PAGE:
Not surprisingly, Cardinal José Francisco Robles Ortega, the archbishop of Guadalajara, this week criticized the recent decision of Mexico’s Supreme Court to declare unconstitutional the criminalization of abortion in the federal penal code.
Mexico is becoming “accustomed to a culture of death,” Robles said, and “a society adrift in its ability to protect human life.”
The Roman Catholic Archdiocese of Mexico, in its weekly magazine “Desde la fe,” said the court’s ruling should not be seen as a victory for feminism. “Is this really the long-awaited answer that women needed from feminism?” an editorial stated. “Shouldn’t they be promoting a feminism that really strives for the integral development of women?”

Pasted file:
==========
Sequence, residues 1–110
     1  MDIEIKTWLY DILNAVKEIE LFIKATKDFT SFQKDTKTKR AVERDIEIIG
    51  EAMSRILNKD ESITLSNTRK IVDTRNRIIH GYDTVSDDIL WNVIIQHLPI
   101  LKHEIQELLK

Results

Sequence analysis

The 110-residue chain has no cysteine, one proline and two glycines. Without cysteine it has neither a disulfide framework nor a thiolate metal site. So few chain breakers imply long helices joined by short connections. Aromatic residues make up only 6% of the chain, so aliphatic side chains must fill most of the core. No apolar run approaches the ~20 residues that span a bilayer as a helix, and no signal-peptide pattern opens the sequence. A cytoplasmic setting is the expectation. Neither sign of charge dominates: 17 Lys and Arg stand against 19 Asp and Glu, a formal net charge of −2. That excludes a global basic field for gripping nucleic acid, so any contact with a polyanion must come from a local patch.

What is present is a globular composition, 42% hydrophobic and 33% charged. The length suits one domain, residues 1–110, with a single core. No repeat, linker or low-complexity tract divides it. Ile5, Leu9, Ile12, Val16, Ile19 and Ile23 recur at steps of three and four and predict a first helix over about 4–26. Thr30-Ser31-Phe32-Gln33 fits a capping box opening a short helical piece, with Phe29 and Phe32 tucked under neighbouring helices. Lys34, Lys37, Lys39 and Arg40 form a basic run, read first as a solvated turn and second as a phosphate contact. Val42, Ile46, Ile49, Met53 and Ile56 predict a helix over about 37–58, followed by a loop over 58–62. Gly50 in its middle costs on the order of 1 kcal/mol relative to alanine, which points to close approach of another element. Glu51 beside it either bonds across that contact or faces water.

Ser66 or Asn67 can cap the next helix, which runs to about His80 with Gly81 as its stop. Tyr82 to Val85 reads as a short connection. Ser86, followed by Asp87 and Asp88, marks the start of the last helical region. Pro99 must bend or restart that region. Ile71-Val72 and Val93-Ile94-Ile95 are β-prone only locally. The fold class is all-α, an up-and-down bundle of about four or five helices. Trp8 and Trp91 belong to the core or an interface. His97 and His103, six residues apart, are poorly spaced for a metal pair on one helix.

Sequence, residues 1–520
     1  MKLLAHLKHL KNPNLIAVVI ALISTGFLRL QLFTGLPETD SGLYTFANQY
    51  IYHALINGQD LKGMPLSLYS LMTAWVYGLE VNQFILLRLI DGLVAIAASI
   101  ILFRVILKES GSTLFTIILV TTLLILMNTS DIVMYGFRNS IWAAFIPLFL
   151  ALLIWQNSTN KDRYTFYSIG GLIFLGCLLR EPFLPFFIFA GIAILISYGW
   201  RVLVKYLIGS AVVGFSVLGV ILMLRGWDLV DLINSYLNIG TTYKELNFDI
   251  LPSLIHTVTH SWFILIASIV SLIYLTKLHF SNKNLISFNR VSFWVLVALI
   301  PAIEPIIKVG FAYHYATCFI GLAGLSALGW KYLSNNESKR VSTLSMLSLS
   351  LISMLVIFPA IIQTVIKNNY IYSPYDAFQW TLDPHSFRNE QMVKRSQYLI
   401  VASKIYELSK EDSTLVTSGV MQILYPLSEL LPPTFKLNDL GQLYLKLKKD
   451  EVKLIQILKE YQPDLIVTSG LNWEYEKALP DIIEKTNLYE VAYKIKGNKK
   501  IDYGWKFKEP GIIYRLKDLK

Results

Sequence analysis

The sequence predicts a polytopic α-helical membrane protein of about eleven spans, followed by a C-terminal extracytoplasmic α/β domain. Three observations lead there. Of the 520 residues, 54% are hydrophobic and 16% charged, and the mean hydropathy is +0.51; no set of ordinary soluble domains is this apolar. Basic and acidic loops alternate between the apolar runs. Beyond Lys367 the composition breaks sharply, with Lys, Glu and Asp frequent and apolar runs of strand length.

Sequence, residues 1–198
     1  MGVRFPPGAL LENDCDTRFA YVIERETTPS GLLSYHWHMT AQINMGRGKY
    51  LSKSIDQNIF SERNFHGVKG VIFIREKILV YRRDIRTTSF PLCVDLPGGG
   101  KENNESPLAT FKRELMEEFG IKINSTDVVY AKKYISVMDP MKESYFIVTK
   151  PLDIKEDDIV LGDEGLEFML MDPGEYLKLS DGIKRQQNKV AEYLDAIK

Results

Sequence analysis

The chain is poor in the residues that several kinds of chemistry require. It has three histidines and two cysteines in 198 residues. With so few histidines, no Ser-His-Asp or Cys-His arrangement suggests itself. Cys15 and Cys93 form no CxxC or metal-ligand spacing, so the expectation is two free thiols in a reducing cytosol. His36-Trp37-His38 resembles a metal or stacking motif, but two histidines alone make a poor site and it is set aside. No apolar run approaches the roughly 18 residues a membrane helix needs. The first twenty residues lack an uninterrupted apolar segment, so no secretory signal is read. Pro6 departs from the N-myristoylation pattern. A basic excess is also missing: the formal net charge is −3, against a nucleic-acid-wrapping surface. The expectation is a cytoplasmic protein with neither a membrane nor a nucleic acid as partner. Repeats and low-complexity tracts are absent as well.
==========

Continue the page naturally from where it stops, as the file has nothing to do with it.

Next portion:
In an interview this week, Supreme Court judge Ana Margarita Ríos-Farjat explained that despite the court’s groundbreaking ruling two years ago that outlawed abortion in the state of Coahuila, the federation and many states declined to enact reforms and kept the criminalization of abortion in their penal codes (Jalisco is one of these.)
Ríos-Farjat said thousands of clandestine abortions still take place each year in Mexico, a “reality the state has to take care of.” Legal abortion is an “issue of solidarity and understanding for vulnerable communities,” she said.